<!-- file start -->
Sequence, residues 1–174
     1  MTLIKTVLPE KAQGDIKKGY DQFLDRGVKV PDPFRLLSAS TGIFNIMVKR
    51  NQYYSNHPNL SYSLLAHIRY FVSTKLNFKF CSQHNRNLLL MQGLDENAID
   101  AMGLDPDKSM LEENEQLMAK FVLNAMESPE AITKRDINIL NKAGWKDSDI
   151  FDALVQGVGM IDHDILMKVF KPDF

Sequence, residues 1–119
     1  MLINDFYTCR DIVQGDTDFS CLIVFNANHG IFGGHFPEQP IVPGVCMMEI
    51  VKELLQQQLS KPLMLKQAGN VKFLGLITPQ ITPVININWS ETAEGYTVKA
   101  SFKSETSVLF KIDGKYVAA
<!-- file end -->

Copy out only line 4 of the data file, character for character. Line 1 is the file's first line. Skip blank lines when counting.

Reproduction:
   101  AMGLDPDKSM LEENEQLMAK FVLNAMESPE AITKRDINIL NKAGWKDSDI